When spouses get divorced, they often wonder about their parental rights. It is easy to get confused between custody, timesharing, visitation, and parental rights, but they are really different terms, with different meanings.

You Keep Your Parental Rights

Unless you have done something truly illegal, or horribly detrimental to the children, you will not lose your parental rights in your divorce.

Regardless of where the children physically live, the amount of time that they spend with each parent, or how much visitation you do or do not have, the family court cannot terminate your rights as a parent, including the right to make decisions for your child and to raise your child in the way that you see fit.

Even if you did something or had something really detrimental to the child, the family court will use other alternatives, such as supervised visitation, but the court will not simply terminate your parental rights (there are courts that can do that, but they are usually dependency courts, not family law courts).

Making Decisions and Your Parental Rights

That means that you maintain the right to make decisions about your child’s upbringing, together with your ex-spouse or the child’s other parent.

Of course, you are getting divorced, and there are two parents, so certainly, you will not have the same freedom to make every decision, as you would have if you were married.

For example, you may normally, as a parent, have the right to say what extracurricular activities your child engages in, what kind of diet your child has, when your child should start dating, or whether they can get their ears pierced.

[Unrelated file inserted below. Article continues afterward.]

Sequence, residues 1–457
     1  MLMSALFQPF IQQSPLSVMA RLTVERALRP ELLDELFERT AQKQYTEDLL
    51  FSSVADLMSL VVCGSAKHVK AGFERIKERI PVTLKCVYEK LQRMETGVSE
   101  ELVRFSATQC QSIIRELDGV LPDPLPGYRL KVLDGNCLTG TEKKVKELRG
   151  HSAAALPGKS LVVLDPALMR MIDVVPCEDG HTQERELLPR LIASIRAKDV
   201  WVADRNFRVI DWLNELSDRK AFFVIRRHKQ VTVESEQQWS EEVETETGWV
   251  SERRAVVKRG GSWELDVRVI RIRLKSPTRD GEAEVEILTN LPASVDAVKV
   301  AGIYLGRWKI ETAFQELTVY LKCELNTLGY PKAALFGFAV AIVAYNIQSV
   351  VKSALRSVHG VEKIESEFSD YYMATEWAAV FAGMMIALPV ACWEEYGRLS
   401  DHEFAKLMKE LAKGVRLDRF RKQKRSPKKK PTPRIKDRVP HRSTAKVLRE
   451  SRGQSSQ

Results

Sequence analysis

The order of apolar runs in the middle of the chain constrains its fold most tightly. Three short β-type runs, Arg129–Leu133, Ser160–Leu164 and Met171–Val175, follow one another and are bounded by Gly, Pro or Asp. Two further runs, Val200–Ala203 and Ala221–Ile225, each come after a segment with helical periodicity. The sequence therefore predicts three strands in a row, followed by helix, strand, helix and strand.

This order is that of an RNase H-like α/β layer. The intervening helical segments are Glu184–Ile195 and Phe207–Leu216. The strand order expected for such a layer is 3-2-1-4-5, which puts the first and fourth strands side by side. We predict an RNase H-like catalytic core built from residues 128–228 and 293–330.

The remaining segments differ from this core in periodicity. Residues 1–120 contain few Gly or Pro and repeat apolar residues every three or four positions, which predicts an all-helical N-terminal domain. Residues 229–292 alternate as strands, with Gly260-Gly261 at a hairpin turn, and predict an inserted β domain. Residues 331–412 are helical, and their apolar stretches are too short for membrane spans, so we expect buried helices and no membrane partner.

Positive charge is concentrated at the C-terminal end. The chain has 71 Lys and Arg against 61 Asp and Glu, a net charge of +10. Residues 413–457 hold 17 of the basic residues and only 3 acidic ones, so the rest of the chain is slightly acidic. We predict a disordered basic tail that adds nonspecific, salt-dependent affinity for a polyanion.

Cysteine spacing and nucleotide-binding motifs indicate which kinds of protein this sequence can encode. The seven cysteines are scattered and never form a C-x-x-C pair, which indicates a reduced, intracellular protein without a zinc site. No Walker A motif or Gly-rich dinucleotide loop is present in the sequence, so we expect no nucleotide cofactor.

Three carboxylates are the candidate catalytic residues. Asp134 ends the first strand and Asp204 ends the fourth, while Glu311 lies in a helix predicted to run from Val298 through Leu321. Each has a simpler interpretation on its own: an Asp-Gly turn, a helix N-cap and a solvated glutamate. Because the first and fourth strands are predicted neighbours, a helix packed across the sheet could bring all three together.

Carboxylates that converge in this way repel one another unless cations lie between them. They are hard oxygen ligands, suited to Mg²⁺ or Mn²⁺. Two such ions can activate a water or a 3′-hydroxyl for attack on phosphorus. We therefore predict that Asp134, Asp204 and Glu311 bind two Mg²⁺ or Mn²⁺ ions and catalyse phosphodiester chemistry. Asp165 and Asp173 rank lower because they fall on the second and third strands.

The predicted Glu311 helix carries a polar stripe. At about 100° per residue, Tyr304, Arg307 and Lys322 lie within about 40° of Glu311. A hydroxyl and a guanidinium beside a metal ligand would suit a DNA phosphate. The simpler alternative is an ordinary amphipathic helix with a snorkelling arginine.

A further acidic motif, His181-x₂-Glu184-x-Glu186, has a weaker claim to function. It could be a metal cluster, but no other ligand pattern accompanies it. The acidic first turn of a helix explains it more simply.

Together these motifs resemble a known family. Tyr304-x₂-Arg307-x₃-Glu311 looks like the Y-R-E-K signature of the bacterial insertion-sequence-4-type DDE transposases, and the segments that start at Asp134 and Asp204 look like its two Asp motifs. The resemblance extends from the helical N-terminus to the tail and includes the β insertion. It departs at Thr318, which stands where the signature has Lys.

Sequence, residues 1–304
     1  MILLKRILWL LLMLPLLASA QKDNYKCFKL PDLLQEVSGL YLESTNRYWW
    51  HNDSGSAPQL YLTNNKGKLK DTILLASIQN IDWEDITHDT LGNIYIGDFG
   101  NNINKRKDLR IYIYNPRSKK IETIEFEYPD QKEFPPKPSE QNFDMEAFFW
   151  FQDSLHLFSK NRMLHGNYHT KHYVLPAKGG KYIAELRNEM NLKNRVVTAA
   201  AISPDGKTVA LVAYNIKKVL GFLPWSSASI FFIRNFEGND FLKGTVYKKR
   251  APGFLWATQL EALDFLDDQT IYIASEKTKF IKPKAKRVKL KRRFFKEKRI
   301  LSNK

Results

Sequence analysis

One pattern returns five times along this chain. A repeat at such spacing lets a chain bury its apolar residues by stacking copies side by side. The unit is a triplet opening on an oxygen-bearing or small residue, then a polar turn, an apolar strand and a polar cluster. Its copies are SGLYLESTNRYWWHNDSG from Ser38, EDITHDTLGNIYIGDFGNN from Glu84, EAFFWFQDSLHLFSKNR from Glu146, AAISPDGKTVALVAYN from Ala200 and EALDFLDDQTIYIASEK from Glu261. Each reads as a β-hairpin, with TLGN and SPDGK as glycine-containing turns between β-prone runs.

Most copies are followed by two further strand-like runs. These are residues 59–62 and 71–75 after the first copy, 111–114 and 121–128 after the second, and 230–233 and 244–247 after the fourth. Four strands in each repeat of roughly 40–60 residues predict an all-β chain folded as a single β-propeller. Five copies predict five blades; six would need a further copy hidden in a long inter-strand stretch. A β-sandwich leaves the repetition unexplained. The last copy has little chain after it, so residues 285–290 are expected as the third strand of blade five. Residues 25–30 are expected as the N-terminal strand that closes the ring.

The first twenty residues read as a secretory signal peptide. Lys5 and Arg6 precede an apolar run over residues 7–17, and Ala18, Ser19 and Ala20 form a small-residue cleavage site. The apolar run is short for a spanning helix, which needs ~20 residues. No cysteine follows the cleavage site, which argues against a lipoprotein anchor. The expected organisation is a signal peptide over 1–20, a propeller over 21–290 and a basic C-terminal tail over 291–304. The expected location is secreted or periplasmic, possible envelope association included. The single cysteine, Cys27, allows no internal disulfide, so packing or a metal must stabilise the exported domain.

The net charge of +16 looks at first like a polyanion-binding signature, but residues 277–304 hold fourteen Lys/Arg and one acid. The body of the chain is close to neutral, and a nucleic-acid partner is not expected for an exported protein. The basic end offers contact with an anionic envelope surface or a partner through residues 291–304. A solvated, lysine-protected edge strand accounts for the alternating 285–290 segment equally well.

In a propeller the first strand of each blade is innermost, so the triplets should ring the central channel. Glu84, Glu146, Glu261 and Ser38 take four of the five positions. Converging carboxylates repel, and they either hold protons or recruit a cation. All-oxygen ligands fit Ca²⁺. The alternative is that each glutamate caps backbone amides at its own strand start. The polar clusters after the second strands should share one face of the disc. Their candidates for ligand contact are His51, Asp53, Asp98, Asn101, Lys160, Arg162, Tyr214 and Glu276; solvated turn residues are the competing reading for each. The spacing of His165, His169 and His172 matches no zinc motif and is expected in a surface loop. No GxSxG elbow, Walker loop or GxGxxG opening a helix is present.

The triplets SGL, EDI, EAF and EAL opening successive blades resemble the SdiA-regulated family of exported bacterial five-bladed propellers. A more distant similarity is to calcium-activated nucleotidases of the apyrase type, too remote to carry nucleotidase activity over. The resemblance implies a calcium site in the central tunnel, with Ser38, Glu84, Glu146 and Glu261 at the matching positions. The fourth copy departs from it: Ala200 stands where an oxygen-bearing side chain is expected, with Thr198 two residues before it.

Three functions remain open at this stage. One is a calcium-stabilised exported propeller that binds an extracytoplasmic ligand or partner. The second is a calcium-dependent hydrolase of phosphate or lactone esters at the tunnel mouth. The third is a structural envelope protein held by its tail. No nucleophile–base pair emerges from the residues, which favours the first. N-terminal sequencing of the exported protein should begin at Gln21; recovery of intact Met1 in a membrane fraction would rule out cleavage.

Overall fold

But when you are divorced, some of these decisions may be made by the other parent, based on what is agreed upon in the divorce, or these types of things may have to be agreed upon by both of you.

Some decisions are made simply on convenience–the parent with whom the child resides physically at any given time will have reasonable leeway to make day-to-day decisions about the child’s life. If the child is with mom on Thursdays, and mom wants the child to do homework instead of going to a party, and dad disagrees, dad will be limited in his ability to do anything about it.

Flexibility to a Point

This is why important decisions about the child’s life should be decided on during the divorce. Mom and dad can raise the child differently and make their own decisions when the child is with either one, but there are some things that cannot go “back and forth” depending on which parent the child happens to be with.

For example, things like religion, dietary restrictions, or summer camp attendance, are things that will have to be decided on in the divorce.  These types of major decisions are subject of what is called “legal custody.”  Most parents share joint legal custody, but in some cases one parent gets sole legal custody.

Contact our New Jersey family law and divorce attorneys at The Law Office of Agnes Rybar LLC today to understand how your divorce may affect your parental rights.





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